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Forum: Gouyave Talk
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Joachim Philip - Family man and Rebel with a cause.

Joachim Philip – one of Julian Fedon most trusted lieutenants, and one of many Grenadian who sacrificed all the privileges enjoyed as mixed race 'adopted subjects'. Not much or anything that I can find, has been written about him as a family man. After all, the Fedon struggle was about attempts at preservation of our French and African identity that was uniquely becoming ours after one hundred and fifty years together.


Based on details in his Will written and published in 1773, Page 1, Page 2, Page 3, Page 4, Page 5, Page 6, the father of Joachim, Honore Philip Sr., listed his assets and the beneficiaries in details. His African companion (common law wife) and mother of his children was a free African woman who bore him ten children. A nephew named François Philip, his mother and three brothers were also mentioned. But nothing about the wives or husbands of his children. So I went on the search to find out if Joachim was married and to whom. I found an indenture made on September 10th, 1785 between the Philip siblings and finally his wife was listed as a Jeanne Rose D’Arcueil. I have seen the surname D'Arcueil in other documents on the Fedon insurrection that involved one very determined resistor named Clozier D'Arcueil. Clozier D'Arcueil is one of the most underrepresented fighter in the study of the Fedon insurrection. An old man with Values as solid as a Gouyave Rock.


So I wanted to know more. I started searching for any information linking D’Arcueil and the Philips. First I found a marriage agreement – in French of course, Page.1, Page.2, Page.3, Page.4, done in 1785 for Joachim Philip and a Jeanne Rose D’Arcueil, residents of Gouyave Saint John. Just what I wanted. It was elaborate and listed names that I would eventually learn were part of the established French/African nationals who were involved in forming our new national identity – My old debate, - ‘Toward a Creole Myth of Origin’. In this marriage agreement there was Madam Rozalie - negresse libre (Free black woman), the mother of Jeanne Rose D’Arcueil, and none other than the proud La Grenade nationalist, Monsieur Clozier D'Arcueil, her father. Monsieur Clozier D'Arcueil was from one of La Grenade oldest French families, a son of Francois Clozier de Beaulieu Born in 1716 in the French Quarters, and hung in the market square at age 80 by the British in 1796. François Philip, Joachim’s first cousin – often referred in Internet documents as an uncle, and who was well known for his defense of Slaves, was also in attendance as a participant in the agreement signing. The other Clozier brothers Clozier-Chantamel, Clozier- DeCoteaux, Clozier-Papin, Clozier-St Marie, and other cousins were there too.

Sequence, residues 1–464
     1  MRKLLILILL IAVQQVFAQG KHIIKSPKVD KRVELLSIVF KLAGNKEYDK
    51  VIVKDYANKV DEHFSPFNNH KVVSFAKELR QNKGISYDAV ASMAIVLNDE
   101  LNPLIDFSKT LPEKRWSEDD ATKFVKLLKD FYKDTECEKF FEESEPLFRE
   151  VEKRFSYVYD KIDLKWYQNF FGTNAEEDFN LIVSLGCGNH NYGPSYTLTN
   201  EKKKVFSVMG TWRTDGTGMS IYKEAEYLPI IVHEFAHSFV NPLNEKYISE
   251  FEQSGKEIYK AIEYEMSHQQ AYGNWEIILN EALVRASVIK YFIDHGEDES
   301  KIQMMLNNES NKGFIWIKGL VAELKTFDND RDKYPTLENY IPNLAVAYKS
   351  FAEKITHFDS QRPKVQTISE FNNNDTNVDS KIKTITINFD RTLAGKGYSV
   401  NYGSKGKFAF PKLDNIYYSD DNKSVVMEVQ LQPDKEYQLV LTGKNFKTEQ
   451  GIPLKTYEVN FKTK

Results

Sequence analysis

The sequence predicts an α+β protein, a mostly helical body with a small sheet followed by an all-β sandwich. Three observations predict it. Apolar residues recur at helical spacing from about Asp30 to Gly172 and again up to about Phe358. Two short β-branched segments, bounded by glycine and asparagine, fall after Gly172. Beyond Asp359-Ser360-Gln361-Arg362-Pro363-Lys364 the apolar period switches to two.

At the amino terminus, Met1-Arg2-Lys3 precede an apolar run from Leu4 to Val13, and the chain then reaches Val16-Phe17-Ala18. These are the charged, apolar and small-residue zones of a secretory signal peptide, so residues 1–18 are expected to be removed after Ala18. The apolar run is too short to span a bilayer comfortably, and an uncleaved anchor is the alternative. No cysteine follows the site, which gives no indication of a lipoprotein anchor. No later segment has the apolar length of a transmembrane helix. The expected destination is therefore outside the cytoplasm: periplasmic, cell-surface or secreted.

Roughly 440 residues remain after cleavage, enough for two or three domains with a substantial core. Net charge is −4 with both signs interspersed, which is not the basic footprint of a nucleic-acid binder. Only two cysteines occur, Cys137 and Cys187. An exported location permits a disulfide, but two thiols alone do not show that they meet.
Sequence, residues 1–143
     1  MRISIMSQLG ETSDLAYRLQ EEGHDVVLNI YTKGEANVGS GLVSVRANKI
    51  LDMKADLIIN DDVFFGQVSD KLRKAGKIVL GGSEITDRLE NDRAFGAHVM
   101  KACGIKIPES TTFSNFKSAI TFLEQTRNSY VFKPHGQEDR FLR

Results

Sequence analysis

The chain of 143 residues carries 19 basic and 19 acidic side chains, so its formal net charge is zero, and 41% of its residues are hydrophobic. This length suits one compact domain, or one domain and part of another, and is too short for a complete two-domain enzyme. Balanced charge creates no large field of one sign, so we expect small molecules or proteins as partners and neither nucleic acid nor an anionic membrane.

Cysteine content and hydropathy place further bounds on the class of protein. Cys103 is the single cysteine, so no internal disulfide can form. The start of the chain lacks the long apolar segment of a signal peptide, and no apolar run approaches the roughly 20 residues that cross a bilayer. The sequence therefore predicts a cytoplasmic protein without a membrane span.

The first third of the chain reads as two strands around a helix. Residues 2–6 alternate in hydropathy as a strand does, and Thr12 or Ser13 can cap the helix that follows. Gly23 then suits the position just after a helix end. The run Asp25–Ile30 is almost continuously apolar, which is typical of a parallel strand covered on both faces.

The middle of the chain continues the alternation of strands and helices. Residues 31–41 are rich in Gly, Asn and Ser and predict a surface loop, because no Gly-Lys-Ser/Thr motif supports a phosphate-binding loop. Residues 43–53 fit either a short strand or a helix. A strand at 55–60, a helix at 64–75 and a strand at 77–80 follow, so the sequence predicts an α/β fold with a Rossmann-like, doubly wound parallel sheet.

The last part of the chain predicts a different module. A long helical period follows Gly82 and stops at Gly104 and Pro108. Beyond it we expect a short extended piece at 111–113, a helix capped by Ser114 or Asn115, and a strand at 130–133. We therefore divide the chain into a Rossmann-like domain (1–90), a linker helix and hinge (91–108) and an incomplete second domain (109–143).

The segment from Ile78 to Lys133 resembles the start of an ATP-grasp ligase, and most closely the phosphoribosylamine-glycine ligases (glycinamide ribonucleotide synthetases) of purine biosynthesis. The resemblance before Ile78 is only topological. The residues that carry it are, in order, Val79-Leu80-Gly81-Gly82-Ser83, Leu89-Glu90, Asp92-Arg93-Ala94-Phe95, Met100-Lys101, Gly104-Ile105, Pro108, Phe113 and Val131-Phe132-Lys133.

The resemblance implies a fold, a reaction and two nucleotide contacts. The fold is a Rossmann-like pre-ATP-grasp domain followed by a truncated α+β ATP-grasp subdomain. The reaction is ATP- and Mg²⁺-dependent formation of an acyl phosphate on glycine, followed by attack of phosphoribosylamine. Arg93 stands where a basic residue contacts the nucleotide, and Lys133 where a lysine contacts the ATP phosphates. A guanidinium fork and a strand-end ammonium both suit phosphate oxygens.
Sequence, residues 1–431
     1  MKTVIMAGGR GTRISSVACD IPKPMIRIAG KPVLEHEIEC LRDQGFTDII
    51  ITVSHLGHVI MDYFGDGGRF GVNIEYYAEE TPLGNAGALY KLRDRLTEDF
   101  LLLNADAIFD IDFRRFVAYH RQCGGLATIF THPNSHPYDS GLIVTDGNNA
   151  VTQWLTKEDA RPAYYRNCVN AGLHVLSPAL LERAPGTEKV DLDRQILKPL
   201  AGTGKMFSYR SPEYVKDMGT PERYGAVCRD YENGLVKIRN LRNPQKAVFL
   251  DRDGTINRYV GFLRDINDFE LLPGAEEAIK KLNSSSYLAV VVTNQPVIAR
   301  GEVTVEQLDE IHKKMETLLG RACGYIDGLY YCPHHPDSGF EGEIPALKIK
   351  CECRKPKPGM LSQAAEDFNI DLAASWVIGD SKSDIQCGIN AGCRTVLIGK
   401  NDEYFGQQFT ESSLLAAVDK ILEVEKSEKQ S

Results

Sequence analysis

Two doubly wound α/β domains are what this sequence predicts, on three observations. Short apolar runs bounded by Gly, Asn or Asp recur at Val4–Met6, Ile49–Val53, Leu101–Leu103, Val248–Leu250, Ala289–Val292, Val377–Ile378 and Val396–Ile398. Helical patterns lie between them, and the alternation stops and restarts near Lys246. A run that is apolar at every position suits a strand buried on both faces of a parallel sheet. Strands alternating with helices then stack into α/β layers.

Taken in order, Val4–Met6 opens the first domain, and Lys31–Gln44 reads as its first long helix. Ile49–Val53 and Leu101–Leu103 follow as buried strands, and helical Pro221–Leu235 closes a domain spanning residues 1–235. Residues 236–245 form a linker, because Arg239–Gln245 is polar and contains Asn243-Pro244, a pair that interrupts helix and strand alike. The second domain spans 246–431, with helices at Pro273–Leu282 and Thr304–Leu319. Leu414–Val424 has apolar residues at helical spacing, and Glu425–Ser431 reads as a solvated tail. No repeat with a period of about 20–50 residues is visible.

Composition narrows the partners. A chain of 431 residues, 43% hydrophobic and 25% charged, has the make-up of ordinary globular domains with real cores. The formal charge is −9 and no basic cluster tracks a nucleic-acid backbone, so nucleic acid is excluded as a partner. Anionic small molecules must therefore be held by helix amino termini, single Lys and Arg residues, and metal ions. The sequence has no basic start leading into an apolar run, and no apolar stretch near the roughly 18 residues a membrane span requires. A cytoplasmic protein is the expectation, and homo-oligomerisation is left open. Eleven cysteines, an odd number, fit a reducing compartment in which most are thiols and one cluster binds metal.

When the insurrection was finally suppressed in 1796, Joachim used this extended family connections of the Clozier family who were big estate owners in the parish of St. Patrick’s, St Mark, St John, and nearly every other parish, to avoid capture of a vengeful British, and eventually escaped to his family island of Petite Martinique, which his father Honore Philip Sr. purchased in 1773 with a big chunk of the Island of Carriacou Page 1, Page 2, Page 3 from Jérémie Camusat de Sainte-Croix. He kept a low profile there until he was betrayed and captured by a loyal British slave Militia and returned to St George’s where he was hung in the market square like his father-in-law before him in 1803.


No one has really bothered to find out what ever happened to the wife and children of Joachim Philip as far as I can tell. I suspect they were banished to Trinidad or another French island as were most of the women and children of the insurgents. But I want to know and I think we all should want to know. The father of the Clozier brothers Francois Clozier de Beaulieu, shows up in Grenada French records as early as 1717 as a judge for the king of France. Based on what is said in those records, he was a very adventurous man who ran into trouble with the King and other local French merchants competing for business in the colonies. What I don't totally understand as yet, is why nearly all of his children born in Grenada had the name Clozier followed by some other surname that was not de Beaulieu. Is this an old French naming thing? Did they all have diffrent mothers? As far as I can tell, Clozier D'Arceuil's full name was Charles Francois Clozier D'Arceuil. His siblings were: Genevisie Catherine Berthelin Clozier, Louis Francois Clozier Chantemel (Clozier Chantemel), Louis Francois Clozier DeCoteaux (Clozier DeCoteaux), Philip Charles Clozier DeCoteaux, L. J.G. Clozier Papin, Clozier St Marie, and Francois Charles Marie Clozier. And there could be more. And we all know that there are villages today which took their names. Like Clozier in many parishes and even in Carriacou and Chantemel in St Patrick. All these Clozier men had freed African common law wives and mixed race children. This explains why the surname DeCoteaux is so plentiful on the British list of rebels that were executed. The entire Clozier family participated in the struggle. Many ended up on the list of executed rebels and others left the island never to return. What remained of them in La Grenade, became obedient British Subjects who went along to be educated in Great Britain and many were later grateful recipients of the honor of the British Empire!


An index for all the entries for the digitalized images on the Francois Clozier de Beaulieu can be access here starting from page 110 - 125 for La Grenade:

http://anom.archivesnationales.culture.gouv.fr/getpdf.php?mode=view&id=FRANOM_00027&fmt=.pdf

To be continued.....